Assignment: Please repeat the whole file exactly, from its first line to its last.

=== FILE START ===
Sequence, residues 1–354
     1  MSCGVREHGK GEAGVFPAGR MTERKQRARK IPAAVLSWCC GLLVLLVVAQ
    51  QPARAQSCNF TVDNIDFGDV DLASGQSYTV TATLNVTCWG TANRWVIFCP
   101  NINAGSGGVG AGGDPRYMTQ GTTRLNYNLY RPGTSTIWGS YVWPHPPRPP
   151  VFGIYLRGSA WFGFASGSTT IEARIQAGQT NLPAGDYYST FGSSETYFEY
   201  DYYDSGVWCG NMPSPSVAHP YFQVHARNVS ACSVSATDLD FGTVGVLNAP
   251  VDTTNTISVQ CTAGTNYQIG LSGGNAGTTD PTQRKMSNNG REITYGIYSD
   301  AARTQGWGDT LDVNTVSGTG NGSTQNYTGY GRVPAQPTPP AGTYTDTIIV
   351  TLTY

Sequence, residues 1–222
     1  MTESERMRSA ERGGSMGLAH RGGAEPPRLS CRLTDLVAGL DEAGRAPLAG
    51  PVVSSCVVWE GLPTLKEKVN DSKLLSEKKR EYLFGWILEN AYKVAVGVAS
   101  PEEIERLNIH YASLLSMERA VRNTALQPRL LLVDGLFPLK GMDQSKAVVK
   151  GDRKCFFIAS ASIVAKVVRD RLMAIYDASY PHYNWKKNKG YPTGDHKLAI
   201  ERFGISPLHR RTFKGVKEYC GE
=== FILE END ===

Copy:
Sequence, residues 1–354
     1  MSCGVREHGK GEAGVFPAGR MTERKQRARK IPAAVLSWCC GLLVLLVVAQ
    51  QPARAQSCNF TVDNIDFGDV DLASGQSYTV TATLNVTCWG TANRWVIFCP
   101  NINAGSGGVG AGGDPRYMTQ GTTRLNYNLY RPGTSTIWGS YVWPHPPRPP
   151  VFGIYLRGSA WFGFASGSTT IEARIQAGQT NLPAGDYYST FGSSETYFEY
   201  DYYDSGVWCG NMPSPSVAHP YFQVHARNVS ACSVSATDLD FGTVGVLNAP
   251  VDTTNTISVQ CTAGTNYQIG LSGGNAGTTD PTQRKMSNNG REITYGIYSD
   301  AARTQGWGDT LDVNTVSGTG NGSTQNYTGY GRVPAQPTPP AGTYTDTIIV
   351  TLTY

Sequence, residues 1–222
     1  MTESERMRSA ERGGSMGLAH RGGAEPPRLS CRLTDLVAGL DEAGRAPLAG
    51  PVVSSCVVWE GLPTLKEKVN DSKLLSEKKR EYLFGWILEN AYKVAVGVAS
   101  PEEIERLNIH YASLLSMERA VRNTALQPRL LLVDGLFPLK GMDQSKAVVK
   151  GDRKCFFIAS ASIVAKVVRD RLMAIYDASY PHYNWKKNKG YPTGDHKLAI
   201  ERFGISPLHR RTFKGVKEYC GE